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Despite giving some concerns about the weather, Saturday November 19th turned out to be ideal market weather. The members swung into the action and on Friday afternoon the Rotunda site is prepared. This involves John Neall, Derek Reid and Jim Trudgeon under the supervision of Dave Clark, get the shade awnings attached to the electric barbeque and the barbeque itself washed clean and ready for use. The additional gazebo that is used to shade the tables and chairs for morning teas was set up to a certain point as it was feared that a high wind in the night might find it somewhere near Welshmans Reef by morning.

The morning of Saturday starts early with signs being set up on approaches to the town and then the trestle tables on loan, arrive and are put into place. By this time, (7 .30 am), the first stall holders are also in position. The table-cloths are spread out, electric extension cords are hooked into the electrical wiring grid, the barbeque starts and the frypans heated up to start frying the onions. The smell of frying onions soon arouses the appetites of passers by, so the bread, homemade colslau  and baking items are set out. The Christmas Hamper looking splendid in its cellophane wrapping is set out as are all the ‘white elephant’ goods and books that have been packed away since last market. The urn heats up and the cups and tea and coffee are ready to be served. One good supporter arrives with the bags of sheep manure and another supporter arrives with what is becoming a traditional hand made craft gift that is used for a raffle or as an item to be sold.

The helpers go off to circle the other stalls and buy their share of goods and report back on the bargains and the mood of the day. Our worthy president sets off to collect the $5 fee from the stallholders, gives them a flyer to alert them to the date of the next market. In future he is going to turn off the hearing aid so he won’t hear the traditional complaints about the lack of ‘buyers’! At 11 o’clock, the lucky ticket for the stallholder to win the homemade fruitcake is drawn and it is delivered to a happy recipient who comes and expresses their thanks!

The supply of sausages and hamburgers is running low, the cakes have all gone and there is a last minute call to buy a raffle ticket by our worthy master of ceremonies in the Rotunda who has been enlivening the occasion with suitable music over the PA system. The container of tickets is taken to an independent person to draw the winning ticket and the winner is announced. This year it was again one of our hardworking members – Di Reid.

So it is time to pack up. Everything is returned to boxes and replaced in cars. The money is counted and the market is over till….March 18th 2006!

The result for this year was an amount of $991 banked with about $100 of expenses to be paid. A big thank you to all members who helped on the day and also to the great response from those who sent money for raffle tickets and donations.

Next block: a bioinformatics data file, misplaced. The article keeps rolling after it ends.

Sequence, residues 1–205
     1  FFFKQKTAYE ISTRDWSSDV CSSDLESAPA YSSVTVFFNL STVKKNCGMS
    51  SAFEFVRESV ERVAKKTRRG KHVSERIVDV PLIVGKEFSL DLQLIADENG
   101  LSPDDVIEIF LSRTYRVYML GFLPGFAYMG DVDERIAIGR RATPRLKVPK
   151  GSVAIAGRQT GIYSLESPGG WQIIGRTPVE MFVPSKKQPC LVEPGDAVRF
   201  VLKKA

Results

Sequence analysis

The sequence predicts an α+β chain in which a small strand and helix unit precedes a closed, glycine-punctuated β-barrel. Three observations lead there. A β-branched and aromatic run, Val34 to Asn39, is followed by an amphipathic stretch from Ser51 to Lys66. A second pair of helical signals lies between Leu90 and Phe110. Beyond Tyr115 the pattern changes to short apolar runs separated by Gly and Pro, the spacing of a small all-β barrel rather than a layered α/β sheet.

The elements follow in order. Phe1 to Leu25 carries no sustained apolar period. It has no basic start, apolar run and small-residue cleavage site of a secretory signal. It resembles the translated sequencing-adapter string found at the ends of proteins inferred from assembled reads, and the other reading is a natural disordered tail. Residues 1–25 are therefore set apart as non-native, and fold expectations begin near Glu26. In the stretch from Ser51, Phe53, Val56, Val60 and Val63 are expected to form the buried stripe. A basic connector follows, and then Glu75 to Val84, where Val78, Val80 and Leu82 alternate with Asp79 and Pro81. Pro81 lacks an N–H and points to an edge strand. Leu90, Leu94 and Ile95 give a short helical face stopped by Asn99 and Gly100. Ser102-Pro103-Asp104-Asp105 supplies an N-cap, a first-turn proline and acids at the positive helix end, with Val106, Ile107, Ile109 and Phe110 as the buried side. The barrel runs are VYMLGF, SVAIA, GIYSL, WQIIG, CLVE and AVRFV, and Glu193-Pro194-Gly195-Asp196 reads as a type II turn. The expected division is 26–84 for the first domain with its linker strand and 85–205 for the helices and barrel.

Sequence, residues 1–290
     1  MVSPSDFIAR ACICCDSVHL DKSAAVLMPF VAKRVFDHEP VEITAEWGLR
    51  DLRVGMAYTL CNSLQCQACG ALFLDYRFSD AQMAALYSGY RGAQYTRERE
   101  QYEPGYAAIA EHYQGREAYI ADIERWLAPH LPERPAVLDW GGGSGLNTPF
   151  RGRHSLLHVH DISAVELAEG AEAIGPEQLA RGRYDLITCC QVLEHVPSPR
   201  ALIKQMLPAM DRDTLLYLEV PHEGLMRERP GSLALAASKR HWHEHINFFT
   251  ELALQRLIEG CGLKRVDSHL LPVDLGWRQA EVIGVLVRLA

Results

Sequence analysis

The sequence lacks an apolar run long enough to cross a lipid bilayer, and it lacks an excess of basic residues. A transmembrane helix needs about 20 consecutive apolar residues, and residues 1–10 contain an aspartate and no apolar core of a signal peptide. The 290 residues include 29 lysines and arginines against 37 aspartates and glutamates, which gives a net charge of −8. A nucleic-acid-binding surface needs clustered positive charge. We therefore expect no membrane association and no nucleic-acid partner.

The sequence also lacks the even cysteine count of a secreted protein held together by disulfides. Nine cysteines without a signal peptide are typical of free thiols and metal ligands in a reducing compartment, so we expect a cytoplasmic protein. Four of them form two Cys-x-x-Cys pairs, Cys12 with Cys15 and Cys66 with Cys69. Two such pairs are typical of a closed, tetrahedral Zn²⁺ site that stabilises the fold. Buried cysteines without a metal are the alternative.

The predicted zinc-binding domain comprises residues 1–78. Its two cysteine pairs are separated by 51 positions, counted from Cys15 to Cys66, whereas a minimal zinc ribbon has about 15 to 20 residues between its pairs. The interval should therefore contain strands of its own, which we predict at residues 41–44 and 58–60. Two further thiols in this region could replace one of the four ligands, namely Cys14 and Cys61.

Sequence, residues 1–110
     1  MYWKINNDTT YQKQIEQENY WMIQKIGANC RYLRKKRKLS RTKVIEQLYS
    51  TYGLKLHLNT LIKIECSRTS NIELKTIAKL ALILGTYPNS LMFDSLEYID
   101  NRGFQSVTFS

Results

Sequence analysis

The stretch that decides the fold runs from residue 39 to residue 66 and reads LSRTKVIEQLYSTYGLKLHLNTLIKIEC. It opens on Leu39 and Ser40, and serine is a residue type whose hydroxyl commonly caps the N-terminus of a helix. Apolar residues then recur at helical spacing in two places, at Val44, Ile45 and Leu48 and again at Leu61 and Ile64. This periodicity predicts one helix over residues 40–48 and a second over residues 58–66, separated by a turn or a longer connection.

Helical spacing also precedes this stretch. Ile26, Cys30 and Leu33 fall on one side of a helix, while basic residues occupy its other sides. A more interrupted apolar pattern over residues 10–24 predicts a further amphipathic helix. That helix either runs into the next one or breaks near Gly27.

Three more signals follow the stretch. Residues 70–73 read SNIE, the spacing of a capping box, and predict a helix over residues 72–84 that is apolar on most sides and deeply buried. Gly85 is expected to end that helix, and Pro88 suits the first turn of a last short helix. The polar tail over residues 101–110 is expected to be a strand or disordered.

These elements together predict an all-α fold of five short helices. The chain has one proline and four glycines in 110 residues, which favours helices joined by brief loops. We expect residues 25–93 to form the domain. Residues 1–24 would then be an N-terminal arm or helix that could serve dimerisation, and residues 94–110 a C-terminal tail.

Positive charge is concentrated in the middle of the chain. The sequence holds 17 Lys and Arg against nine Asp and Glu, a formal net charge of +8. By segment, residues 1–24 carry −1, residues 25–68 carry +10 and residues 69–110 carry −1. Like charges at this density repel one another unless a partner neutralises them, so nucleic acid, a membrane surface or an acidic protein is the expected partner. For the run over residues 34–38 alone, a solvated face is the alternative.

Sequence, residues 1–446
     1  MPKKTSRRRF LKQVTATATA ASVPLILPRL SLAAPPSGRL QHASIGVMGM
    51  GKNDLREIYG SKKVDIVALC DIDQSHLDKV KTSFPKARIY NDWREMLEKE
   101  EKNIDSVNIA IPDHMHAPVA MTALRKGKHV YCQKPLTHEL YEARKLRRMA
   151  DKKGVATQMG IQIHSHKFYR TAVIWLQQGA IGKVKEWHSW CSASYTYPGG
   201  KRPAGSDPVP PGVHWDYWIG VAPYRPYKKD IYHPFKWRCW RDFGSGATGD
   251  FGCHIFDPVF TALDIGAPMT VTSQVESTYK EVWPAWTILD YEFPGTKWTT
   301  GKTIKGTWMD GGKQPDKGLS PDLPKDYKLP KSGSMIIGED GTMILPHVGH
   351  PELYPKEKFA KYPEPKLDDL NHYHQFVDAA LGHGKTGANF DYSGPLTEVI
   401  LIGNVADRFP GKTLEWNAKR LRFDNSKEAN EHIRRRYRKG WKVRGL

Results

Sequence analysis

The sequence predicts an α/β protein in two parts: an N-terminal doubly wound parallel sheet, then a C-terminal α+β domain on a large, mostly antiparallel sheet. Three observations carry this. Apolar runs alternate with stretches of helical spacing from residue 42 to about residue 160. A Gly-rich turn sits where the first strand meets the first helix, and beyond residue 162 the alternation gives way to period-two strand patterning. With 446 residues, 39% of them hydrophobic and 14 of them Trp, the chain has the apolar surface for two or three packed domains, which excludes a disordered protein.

This year the riders will be spending the night of Thursday December 1 in Newstead at the Racecourse. It has been decided to open the courthouse in the afternoon from 2 – 5 pm with a gold coin entry. Volunteers will be in attendance to show the collection, explain the workings and help anyone who might have a connection to our district.



A photocopier has been donated to the Society from Stewart and Bev Olney, local supporters of ours who are moving from Newstead. It has been accepted with grateful thanks and last Monday found a home in the courthouse.



The courthouse will not be open on Monday 26th of December but as usual there will be people in attendance on other Monday mornings (and quite often in the afternoons). It might be a chance for our out-of-town members to call in and visit us.



Perhaps there might be interest in a document that clarifies family connections. This is courtesy of Gail Taylor, Alan O’Dea and Margaret Roberts and explains the term “once removed’ etc.

Cousin- “first cousins” are the people in your family who have two of the same grandparents as you. In other words, they are the children of your aunts and uncles.

Second cousin – “second cousins” are the people in your family who have the same great-grandparents as you but not the same grandparents - that is they are the grandchildren of your great-aunts and uncles.

Third, fourth and fifth cousins etc – Your third cousins have the same great-great grandparents, fourth cousins have the same great-great-great grandparents etc and so on.

Removed – When the word “removed” is used to describe a relationship, it indicates that the two people are from different generations. You and your first cousins are in the same generation  (two generations younger than your grandparents) so the word “removed” is not used to describe your relationship. The words “once removed” mean there is a difference of one generation. For example, your mother’s first cousin is your first cousin once removed. This is because your mother’s first cousin is one generation younger than your grandparents and you are two generations younger than your grandparents. This one-generation difference equals “once removed”. Twice removed means that there is a two-generation difference. You are two generations younger than a first cousin of your grandmother, so you and your grandmother’s first cousin are first cousins, twice removed.



The next meeting will be on January 16th 2006 at 1.30 pm at the courthouse.

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